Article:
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JeSuisRickSpringfield's avatar

What are the advantages/disadvantages of single bowl kitchen sinks?

Asked by JeSuisRickSpringfield (6470points) 1 month ago

This is what I’m asking about. If you have experience with this kind of sink, what did you like about it? What did you dislike about it? Do you prefer double bowl sinks?

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15 Answers

canidmajor's avatar

I have a single in this house (been here for 22 years) and I still don’t like it. But then, there’s almost no counter space, so I really miss the extra place to put stuff. But hey, I’ve survived this long with only one sink, I’ll probably be okay. :-)

elbanditoroso's avatar

I have a double; what I find useful is that I can stack dirty stuff in the side without the disposer and then wash the dishes and pots and pans when I feel like getting around to it.

Patty_Melt's avatar

When I was a small child, and did not know there were kitchens with side by side kitchen sinks, I wished for someone to invent them.
I can’t think of any advantage.

josie's avatar

I have a double.
I don’t find it to be useful. Neither half is big enough for anything in particular.
I am shopping to replace it with a single.

JeSuisRickSpringfield's avatar

@Patty_Melt May I ask why you wished for someone to invent them? I’m trying to figure out what I might miss if I make the switch.

stanleybmanly's avatar

Another reason for a large kitchen. 2 full sized sinks, each capable of holding a roasting pan. One big sink is preferable to 2 tiny ones (at least for me)

Patty_Melt's avatar

Well with two you can wash in one, rinse in the other. I have a dishwasher, but with only me, it takes a long time to fill unless I do some big baking project, rare these days. As a kid, I was trying to rinse over the sink I was washing in, so it would be to be partially emptied two or three times.
With two, I can be a lazy ass and let one sink fill with dishes, but if I need to wash some produce, there’s the other one. If you get a lightweight cutting board, it is perfect to place it across the two. Start with it off to the side, rinse things as needed, put them on the board, slide the board over, and do all the chopping. It is right there for any juices that drain off the edges. Best if one sink has a garbage disposal. Any trimmings can be slid right in.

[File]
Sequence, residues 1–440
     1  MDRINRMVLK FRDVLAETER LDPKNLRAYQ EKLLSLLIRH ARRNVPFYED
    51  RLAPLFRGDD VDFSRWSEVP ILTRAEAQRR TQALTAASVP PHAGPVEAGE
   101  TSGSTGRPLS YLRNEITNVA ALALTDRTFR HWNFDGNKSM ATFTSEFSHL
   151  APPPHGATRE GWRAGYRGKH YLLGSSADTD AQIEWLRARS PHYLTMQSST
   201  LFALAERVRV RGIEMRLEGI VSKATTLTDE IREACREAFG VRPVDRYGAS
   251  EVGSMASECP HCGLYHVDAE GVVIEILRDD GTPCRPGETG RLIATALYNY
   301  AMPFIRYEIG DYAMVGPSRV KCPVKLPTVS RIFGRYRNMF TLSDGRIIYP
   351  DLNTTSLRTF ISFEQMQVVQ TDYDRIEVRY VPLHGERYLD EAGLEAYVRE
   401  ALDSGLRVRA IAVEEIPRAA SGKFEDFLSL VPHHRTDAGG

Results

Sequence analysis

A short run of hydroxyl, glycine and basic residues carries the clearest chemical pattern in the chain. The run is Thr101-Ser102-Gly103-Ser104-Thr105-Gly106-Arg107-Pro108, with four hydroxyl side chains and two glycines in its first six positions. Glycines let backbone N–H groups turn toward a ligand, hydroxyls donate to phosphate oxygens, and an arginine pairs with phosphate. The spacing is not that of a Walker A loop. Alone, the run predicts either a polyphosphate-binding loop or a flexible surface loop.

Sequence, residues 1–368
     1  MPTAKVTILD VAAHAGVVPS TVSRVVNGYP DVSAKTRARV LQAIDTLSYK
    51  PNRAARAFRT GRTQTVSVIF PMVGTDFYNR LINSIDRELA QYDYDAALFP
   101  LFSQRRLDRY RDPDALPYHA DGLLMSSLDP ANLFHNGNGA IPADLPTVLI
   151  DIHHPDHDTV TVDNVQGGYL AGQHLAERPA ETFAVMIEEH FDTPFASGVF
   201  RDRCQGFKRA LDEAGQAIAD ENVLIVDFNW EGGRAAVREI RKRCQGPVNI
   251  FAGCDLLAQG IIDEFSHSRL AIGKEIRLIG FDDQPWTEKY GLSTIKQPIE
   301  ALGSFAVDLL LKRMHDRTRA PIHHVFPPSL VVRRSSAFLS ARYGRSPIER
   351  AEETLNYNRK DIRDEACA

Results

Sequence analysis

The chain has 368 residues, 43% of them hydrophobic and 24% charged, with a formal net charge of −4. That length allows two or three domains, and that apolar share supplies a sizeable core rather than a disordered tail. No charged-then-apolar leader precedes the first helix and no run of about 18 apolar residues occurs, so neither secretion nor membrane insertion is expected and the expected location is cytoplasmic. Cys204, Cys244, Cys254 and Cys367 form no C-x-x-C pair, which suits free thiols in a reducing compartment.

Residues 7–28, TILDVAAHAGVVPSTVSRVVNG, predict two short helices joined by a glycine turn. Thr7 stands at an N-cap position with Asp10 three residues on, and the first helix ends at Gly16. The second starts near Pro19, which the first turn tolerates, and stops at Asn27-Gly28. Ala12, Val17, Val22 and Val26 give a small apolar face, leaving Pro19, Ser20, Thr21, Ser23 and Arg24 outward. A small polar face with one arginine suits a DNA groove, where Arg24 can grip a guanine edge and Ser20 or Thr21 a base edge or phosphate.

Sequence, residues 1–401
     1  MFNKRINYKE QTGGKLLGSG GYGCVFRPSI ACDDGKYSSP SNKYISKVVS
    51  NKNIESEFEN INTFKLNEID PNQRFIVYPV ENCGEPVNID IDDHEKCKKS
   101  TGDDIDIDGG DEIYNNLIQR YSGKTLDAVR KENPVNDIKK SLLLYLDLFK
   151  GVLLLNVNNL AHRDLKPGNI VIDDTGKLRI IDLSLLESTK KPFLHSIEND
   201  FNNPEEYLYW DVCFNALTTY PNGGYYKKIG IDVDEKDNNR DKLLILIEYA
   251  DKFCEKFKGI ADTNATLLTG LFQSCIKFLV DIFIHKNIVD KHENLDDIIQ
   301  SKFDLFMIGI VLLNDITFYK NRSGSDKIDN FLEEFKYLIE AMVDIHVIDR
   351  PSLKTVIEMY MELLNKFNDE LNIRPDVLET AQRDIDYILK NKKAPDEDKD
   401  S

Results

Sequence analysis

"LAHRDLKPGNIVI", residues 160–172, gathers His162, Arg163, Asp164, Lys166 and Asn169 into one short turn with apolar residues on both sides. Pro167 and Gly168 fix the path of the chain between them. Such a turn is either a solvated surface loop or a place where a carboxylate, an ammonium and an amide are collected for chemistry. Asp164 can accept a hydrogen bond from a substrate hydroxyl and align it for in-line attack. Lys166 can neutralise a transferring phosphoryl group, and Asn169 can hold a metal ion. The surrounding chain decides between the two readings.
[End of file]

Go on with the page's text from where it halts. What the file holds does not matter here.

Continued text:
I am currently living without a garbage disposal, so wishing for that.
The big pots thing can be a problem, unless you have a sprayer.
That’s all I’ve got.

zenvelo's avatar

When I only had a single, I had a ;large plastic tub for soaking things.

Now that I have a double, I don’t like that I cannot fit large pot or skillet to soak.

When I was a toddler my mother would bathe me in a large single sink.

Dutchess_III's avatar

The biggest disadvantage is with a single bowl sink you have to wash and then rinse your dishes in the same sink. You end up have to let water out.

snowberry's avatar

You can use dish pans side by side in a single sink. Wash in one; rinse in the other- boom you’re done. Normally what I do is use just one dish pan (it’s usually just a dirty pot filled with hot soapy water) and I rinse with the faucet.

janbb's avatar

I have a double sink with a larger sink and a smaller one. I could do without it but I really like having the smaller side as well.

kritiper's avatar

The double sink allows one to wash dishes in and the other for rinse.
The one I installed is 8” deep.

Dutchess_III's avatar

Also, if you accidentally leave the water running in one side, they’re designed so that the water will spill out into the other side before it runs out over the top and onto the floor and counters.

JeSuisRickSpringfield's avatar

Thanks for the answers, everyone! I appreciate the different perspectives.

Yellowdog's avatar

It is easier to de-clog a drai nwith a simple plunger if you only have one drain to work with

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